Following the release of Rachel Carson’s book Silent Spring in 1962, the public became aware of the environmental damage inflicted by toxic pesticides used in modern agriculture systems. However, pesticides are more than an environmental issue — they are a workers’ rights issue, too.
We need to look at the consequences of pesticide use through an intersectional lens to truly grasp the scope of its impact. The widespread use of synthetic pesticides is not only an environmental issue but an issue of social, economic and racial injustices. In the agriculture industry, the health of workers is compromised by companies’ focus on profits and efficiency as farmworkers are exposed to dangerous pesticides.
Pesticides, or substances used to kill unwanted insects, plants, and fungi, have been widely used in agriculture for centuries. Synthetic pesticides are man-made toxic chemicals applied to crop fields, which cause soil degradation, groundwater contamination and emission of greenhouse gases — among various other environmental effects. A report by Farmworker Justice estimates that 5.1 billion pounds of pesticides are used each year on crops, which exposes both ecosystems and vulnerable communities to harmful, carcinogenic toxins.
The negligence of the agriculture industry and leniency of pesticide regulations have contributed to significant health issues and human rights violations. Farmworkers and communities in agricultural regions are directly exposed to pesticides that cause acute poisoning and long-term chronic health problems including cancer, infertility and respiratory illnesses. Federal regulations issued by the Environmental Protection Agency to protect workers from exposure to toxic pesticides have not been updated in more than 20 years, so employers continuously fail to offer adequate safety precautions, medical monitoring or even information regarding the hazards of pesticide use.
Not only are farmworkers exposed to the toxins, but their families are too. Workers inadvertently carry the pesticides into their homes on their clothing, and pesticides drift through the air into nearby homes and schools. As children are more vulnerable to toxins, pesticide use is linked to higher rates of birth defects, cancer and developmental complications among children.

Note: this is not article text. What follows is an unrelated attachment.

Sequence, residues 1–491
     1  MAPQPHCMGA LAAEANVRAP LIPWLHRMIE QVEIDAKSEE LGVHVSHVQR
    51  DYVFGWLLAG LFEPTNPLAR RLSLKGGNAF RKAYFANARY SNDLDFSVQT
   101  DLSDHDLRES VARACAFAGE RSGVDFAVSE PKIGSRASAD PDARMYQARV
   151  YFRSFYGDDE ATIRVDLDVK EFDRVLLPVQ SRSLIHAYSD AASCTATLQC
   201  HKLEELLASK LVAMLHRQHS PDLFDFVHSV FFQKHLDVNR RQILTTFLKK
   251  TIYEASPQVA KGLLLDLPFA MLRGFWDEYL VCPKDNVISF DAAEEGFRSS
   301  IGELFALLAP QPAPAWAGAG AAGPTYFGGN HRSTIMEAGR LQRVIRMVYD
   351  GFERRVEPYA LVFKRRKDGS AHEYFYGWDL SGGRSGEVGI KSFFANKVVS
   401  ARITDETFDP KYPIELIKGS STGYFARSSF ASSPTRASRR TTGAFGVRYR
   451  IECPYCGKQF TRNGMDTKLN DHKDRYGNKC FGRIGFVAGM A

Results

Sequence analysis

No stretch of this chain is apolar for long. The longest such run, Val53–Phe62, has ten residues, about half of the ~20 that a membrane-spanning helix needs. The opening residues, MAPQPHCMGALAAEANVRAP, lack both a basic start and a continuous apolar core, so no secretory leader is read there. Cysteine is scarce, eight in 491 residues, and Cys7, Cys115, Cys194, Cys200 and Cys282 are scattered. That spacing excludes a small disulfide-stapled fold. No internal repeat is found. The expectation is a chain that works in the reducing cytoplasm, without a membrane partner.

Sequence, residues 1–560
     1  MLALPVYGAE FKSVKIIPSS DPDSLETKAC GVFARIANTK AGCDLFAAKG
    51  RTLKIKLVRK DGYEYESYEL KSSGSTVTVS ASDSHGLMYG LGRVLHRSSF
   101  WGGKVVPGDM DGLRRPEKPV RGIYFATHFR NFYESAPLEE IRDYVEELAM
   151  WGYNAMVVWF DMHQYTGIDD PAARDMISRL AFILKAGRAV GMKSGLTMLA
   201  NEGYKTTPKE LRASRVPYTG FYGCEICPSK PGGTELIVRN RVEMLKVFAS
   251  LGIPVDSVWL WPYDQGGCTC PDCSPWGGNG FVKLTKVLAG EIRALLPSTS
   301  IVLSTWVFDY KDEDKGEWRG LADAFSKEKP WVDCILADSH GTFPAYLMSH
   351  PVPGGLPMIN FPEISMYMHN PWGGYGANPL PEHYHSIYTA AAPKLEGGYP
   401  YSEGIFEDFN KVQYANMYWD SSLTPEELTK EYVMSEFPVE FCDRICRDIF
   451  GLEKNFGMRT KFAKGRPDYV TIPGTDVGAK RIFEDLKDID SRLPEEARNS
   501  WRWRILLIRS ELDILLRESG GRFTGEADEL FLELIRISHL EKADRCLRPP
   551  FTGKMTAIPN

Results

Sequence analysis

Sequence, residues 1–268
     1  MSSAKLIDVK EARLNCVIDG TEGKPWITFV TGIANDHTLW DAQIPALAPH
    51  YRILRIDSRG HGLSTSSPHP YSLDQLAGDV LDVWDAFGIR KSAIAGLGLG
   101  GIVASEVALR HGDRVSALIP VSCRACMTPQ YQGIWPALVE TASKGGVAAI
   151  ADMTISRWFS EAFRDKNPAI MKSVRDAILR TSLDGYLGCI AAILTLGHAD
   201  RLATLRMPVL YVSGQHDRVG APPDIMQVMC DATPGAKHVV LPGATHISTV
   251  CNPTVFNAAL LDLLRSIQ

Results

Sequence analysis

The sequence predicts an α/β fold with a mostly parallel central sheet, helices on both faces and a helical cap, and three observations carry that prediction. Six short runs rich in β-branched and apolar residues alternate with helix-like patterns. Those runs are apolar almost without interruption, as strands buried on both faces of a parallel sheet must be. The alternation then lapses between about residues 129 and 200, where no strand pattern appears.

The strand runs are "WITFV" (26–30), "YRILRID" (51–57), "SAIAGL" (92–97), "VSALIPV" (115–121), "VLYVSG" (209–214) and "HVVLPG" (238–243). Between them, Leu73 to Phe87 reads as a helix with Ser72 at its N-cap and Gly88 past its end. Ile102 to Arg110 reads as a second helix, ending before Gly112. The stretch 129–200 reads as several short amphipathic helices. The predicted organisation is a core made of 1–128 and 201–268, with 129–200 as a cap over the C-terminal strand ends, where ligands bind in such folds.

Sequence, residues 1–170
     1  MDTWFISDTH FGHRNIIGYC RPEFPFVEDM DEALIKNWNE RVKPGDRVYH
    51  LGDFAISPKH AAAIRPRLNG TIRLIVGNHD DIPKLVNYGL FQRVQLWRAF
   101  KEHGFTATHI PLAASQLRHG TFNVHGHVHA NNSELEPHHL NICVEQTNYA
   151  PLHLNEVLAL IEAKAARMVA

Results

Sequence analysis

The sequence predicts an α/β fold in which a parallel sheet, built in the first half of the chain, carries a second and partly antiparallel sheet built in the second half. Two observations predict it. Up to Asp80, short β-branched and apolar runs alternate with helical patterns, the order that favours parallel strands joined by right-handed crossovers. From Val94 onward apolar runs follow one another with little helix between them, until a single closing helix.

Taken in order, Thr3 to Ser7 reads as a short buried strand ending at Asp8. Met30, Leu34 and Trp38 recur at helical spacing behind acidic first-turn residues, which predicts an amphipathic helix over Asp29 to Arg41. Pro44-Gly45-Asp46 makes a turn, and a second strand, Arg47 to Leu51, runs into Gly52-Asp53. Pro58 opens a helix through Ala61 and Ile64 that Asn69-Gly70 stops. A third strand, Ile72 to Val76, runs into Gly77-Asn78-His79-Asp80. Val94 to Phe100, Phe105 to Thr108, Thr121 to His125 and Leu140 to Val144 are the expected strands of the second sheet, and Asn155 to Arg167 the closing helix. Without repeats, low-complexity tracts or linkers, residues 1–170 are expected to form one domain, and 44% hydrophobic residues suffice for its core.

The use of synthetic pesticides in agriculture contributes to a larger system of structural inequalities faced by low-income communities of color. The agriculture industry is dependent upon undocumented immigrants and low-income communities providing inexpensive labor, and as many farmworkers lack valid work authorization, they are less likely to report health and safety violations.
Employers take advantage of this lack of accountability by not adhering to pesticide regulations or providing health insurance. Pesticide labels detailing the hazards of pesticide use, proper safety equipment, and first aid instructions are only provided in English. As a result, non-English speaking workers — who make up a large percentage of farmworkers — lack equitable access to safety information that would allow them to protect themselves and their families.
The agriculture industry is an example of a modern colonial system built upon the exploitation of people of color and low-income families. The unregulated use of synthetic pesticides is a mechanism of this exploitation. The voices of marginalized communities have been muffled by the political and economic power of agricultural corporations, so the use of toxic pesticides continues to threaten the health and wellbeing of vulnerable populations.
The federal and state governments must update pesticide regulations and collaborate with nongovernmental organizations to provide resources that protect farmworkers from pesticide exposure. In the general public, we can utilize our voices by contacting local representatives and donating to farmworker organizations.